Heedfulness cited sales volume and prices as indicators of

Heedfulness in theSingapore housing market Prices are up again in theprivate housing market, but both demand and supply are moving with caution. By Lee Hui Ying, Edited by Joelyn Chan Housing prices in Singapore are finally onthe mend. Theprivate housing market seems to be rising out of the doldrums. Sales volumesbegan climbing in the first quarter of 2016, and prices are now on the rise aswell. OnJanuary 26, the Urban Redevelopment Authority posted a general1.

1% increasein prices for 2017. This bucks the downward trend that has plaguedthe market for 15 quarters since 2013. This period saw prices fall 12%, buta reversal seems likely this year. American bank Morgan Stanley forecasts a 10%hike in property prices by the end of 2018. Other analysts are morecircumspect with their projections, with estimates ranging from 3%. Still, thegeneral sentiment is that the private property market is on the road torecovery. TriciaSong leads Singapore research at Colliers International.

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She cited sales volumeand prices as indicators of a strengthening property market. “It shouldcontinue to recover this year in view of a steady pipeline of upcoming projectsand positive market sentiment,” she said. (Source:The Straits Times) Both demand and supply factors have a handin this. Economicand income growth has stirred pent-up demand. Also, indications that propertyprices are bottoming out are strong pull factors.

A belief in long-term capitalappreciation is prevalent among potential home owners. Many buyers are thuskeen to snap houses up while they are still cheaper. Atthe same time, the government continues to regulate land provision. It keepsland supply on a tight leash through the Government Land Sales Programme.Developers are desperate to get their hands on more land so that they can cashin on improving sales. This is all the more so given that their unsoldinventory is reaching all-time lows.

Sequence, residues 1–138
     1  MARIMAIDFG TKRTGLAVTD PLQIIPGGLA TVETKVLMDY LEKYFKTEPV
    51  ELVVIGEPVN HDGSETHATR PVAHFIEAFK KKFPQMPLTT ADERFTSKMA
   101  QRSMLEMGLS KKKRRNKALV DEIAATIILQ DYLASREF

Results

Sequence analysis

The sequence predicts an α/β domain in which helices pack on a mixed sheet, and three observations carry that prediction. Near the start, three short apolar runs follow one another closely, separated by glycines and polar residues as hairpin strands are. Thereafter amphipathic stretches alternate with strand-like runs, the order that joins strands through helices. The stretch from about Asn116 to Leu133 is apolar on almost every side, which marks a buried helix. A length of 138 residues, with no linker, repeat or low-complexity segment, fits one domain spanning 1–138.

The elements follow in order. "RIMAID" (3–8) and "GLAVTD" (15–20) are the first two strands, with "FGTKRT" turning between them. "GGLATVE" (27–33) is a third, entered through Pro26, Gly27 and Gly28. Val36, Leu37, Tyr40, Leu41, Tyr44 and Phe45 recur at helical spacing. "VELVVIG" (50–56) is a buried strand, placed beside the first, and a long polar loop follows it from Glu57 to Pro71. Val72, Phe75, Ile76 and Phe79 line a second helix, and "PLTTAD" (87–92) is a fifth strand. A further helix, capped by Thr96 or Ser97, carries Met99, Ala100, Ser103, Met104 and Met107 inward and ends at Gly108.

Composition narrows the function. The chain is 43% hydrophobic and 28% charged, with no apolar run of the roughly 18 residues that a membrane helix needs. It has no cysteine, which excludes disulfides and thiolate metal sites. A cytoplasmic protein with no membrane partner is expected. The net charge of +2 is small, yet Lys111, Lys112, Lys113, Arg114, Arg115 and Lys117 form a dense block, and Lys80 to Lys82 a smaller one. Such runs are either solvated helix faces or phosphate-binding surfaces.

As such, land-starved developers haveresorted to collective home sales. This has sparked off an ongoing en blocfever, the first since 2007. The The 15deals concluded so far are worth a whopping S$5 billion, dwarfing 2016’stotals of $1.2 billion. In this year alone, threesites in Clementi, Upper Bukit Timah and Farrer Road went for $1.04billion. High prices seem likelier as developers fork out more and more forprime sites. Assuch, pent-up demand is outpacing tight supply.

Analysts thus expect an upwardprice trajectory after a 3-year journey down a trough. The market is heating up as the governmentscales back cooling measures. Recentpolicy moves have had the same impact as these economic forces. In March 2017,the Ministry of Finance, Ministry of National Development and the MonetaryAuthority of Singapore laid out in ajoint statement “calibrated adjustments” to the seller’s stamp duties (SSD)and total debt servicing ratio (TDSR) framework.

 Thesechanges will not push prices up, but they have served to fuel improving sentiments.The move was well-received, with property developers benefiting from a stockmarket rally. Home buyers who had been waiting on the sidelines also jumpedinto the market. This was especially so with the relaxation of TDSR, which hasconstrained demand. Yet, there is still caution in thecooling. Thegovernment has been careful to emphasise that a wholesale withdrawal is not onthe cards. For instance, it did not change other important restrictions, suchas the additional buyers’ stamp duty (ABSD) and loan-to-valuation (LTV) limits. RaviMenon, managing director of the Monetary Authority of Singapore (MAS), assertsthat these limits are still necessary.

He warned that further easing would”send a wrong signal” in the regional property markets. Elsewhere, governmentsare clamping down on exuberance in their own property sectors. Already,properties in Singapore are relativelycheaper, making them more attractive to investors. A broad-based relaxationwould result in capital swooping in on Singapore’s properties. The governmentwants to avoid this, as it would likely spark a renewed hike in housing prices. Thus,the government prefers to wait and see.

Any commitment to scaling back themarket curbs might be premature and careless. Other stakeholders are also wary. Bothbuyers and developers seem to share this approach. The former remainprice-sensitive despite the partial relaxation of cooling measures. This isespecially so given the government’s aversion to further adjustments.

 Neitheris the en bloc bull run a definite indicator of an impending property bubble.Developers are now expected to build and sell units within a period of 5 yearsto avoid ABSD. As such, demand for large sites is cooling as developers prefersmaller parcels of land. Higherdevelopment charges also provide an extra retardant on the en bloc rush.

 Furthermore,the private property sector is tracking Budget developments. There have beenreports that MAS might act on its warnings of “excessive exuberance” in en blocsales. Thus, the upcoming Budget statement this February have kept developerson their toes. Hence,all the players in the private property market are waiting… and watching. Itseems to have turned a corner, but no one will be resting on their laurels.